Former city employees are frustrated with salaries, lack of action

9 months 4 weeks 1 day ago Tuesday, December 18 2018 Dec 18, 2018 Tuesday, December 18, 2018 3:18:00 PM CST December 18, 2018 in News
By: Natalie Rice, KOMU 8 Reporter
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COLUMBIA - Retired employees of the Columbia Electric Utilities are frustrated with the city for its lack of action in implementing better policies towards their employment and salaries.

On Monday, the group released a report stating the changes they'd like to see made, and why they are essential. In the report, they expressed how they believe this matter to be crucial towards Columbia’s overall infrastructure and asked the city why no action has been taken.

Six months ago on June 18, the retired employees attended a city council meeting where they discussed the issue of a loss of experienced line workers to other utilities. The group says this is due to non-competitive pay, and is asking the city to provide incentives to high performing employees through merit raises and establish competitive salaries.

Merit-based pay, or an increase of pay for high-performance employees, is something Jim Windsor, the retired assistant director of utilities, says is necessary.“Throughout the city, very high performers have left to go to other places because they are not seeing their their work ethic rewarded,” said Windsor.

City Councilman Mike Trapp believes the line worker issue is “complex,” and needs time for a proper evaluation so that the city manager's office can look at salaries for line workers using a contract agency to determine that the city is paying a comparable rate of pay.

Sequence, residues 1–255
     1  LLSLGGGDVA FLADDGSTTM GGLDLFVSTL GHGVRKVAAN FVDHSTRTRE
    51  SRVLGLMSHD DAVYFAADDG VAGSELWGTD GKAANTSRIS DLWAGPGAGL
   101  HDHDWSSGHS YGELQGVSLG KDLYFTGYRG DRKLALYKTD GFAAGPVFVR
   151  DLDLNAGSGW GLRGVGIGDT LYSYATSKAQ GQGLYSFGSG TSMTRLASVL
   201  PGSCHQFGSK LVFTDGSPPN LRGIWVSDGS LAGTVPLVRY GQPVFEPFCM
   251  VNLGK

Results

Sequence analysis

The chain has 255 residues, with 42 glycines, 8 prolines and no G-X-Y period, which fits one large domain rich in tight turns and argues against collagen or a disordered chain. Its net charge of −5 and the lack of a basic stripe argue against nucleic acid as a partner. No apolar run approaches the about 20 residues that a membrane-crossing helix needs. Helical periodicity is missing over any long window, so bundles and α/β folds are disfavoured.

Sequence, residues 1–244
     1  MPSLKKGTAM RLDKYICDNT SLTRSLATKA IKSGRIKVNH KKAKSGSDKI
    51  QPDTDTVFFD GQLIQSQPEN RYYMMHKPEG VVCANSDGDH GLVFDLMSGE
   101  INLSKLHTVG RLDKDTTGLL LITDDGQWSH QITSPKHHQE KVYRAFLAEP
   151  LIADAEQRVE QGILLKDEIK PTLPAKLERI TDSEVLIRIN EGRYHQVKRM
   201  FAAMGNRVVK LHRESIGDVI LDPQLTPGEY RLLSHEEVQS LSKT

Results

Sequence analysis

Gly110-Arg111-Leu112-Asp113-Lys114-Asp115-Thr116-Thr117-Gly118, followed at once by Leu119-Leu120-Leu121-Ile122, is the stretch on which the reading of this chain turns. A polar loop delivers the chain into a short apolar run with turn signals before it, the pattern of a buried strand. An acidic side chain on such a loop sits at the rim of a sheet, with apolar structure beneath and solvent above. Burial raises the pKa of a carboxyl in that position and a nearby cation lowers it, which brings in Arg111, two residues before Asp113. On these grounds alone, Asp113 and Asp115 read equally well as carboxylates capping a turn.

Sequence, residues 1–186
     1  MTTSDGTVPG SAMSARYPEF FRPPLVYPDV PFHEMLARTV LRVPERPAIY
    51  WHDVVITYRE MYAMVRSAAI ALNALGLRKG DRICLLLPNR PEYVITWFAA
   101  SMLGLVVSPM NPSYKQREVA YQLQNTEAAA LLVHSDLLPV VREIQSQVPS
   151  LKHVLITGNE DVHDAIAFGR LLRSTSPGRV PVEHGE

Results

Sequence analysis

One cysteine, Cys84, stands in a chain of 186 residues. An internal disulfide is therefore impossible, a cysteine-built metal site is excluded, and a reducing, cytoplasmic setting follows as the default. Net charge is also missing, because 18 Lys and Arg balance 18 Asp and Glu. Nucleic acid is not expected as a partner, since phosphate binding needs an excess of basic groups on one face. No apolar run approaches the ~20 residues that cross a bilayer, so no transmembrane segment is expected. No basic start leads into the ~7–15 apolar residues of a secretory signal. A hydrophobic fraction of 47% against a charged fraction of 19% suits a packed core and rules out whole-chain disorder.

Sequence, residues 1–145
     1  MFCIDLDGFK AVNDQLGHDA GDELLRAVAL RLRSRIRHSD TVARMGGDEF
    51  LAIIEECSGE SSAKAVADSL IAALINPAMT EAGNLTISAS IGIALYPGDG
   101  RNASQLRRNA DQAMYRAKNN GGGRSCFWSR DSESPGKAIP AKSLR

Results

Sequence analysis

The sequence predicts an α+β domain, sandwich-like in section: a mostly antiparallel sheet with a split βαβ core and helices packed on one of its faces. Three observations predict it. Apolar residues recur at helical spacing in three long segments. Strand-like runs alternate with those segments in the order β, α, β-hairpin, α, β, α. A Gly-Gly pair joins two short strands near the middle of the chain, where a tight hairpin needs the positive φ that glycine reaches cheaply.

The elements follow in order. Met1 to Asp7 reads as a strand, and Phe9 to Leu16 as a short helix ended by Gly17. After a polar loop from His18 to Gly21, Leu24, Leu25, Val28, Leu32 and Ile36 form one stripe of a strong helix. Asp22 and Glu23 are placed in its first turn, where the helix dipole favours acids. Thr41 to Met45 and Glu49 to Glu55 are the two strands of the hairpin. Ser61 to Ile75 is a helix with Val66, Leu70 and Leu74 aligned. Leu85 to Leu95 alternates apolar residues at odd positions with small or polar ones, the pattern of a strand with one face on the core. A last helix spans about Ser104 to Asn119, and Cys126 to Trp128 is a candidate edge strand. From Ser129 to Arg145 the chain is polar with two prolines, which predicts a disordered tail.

Part of the reason he says the city hasn't been able to address these concerns is because of overall city budget funds. “we haven't been able to do raises because of shortages,” said Trapp.

He also doesn't agree with their demands for a merit-based pay policy. “We have a policy of treating universality so everyone gets a raise or no one gets a raise.”

Windsor believes that mentality is leading to more workers leaving.

“When you can't [reward hard workers] you lose those people, and that just makes no sense,” he said.

Since June, ten workers have left, eight of which chose to start working for different electrical companies that pay more, such as Boone Electric or Howard Electric. The decrease of electrical utility workers for the city means that there are fewer responders to problems like power outages or repairs.

The city has employed contract workers to fill these gaps.Windsor said that contracting crews are twice as expensive as in-house crews, and doesn't understand how the city claims there is no funds for raises.

“How wasteful does the city council want to be in terms of the funds we are paying out?” said Windsor.

Trapp agrees that the issue is important and needs to be addressed, but says that the city needs time to assess the changes.

“We’re going to collect the data, we’re going to put a report out, and we’re going to make a policy level decision to direct the city manager through the budget negotiations, but it’s really unlikely that we’ll be able to address the issue until next year’s budget so we just ask folks to be patient,” said Trapp.

The city will decide on a new budget in September. Until then, Trapp doesn’t believe there will be any new developments.

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